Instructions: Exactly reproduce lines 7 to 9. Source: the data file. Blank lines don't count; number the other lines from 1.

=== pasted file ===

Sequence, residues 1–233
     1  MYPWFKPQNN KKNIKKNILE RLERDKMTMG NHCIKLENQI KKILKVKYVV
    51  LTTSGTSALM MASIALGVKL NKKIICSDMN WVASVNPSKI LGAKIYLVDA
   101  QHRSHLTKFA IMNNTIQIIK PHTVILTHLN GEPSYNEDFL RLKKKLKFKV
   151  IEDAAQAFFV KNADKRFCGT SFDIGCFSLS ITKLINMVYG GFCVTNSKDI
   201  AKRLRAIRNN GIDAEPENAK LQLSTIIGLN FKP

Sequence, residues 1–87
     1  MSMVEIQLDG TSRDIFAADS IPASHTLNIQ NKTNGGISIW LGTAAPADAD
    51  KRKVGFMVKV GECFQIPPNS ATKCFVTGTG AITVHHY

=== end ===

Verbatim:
Sequence, residues 1–87
     1  MSMVEIQLDG TSRDIFAADS IPASHTLNIQ NKTNGGISIW LGTAAPADAD
    51  KRKVGFMVKV GECFQIPPNS ATKCFVTGTG AITVHHY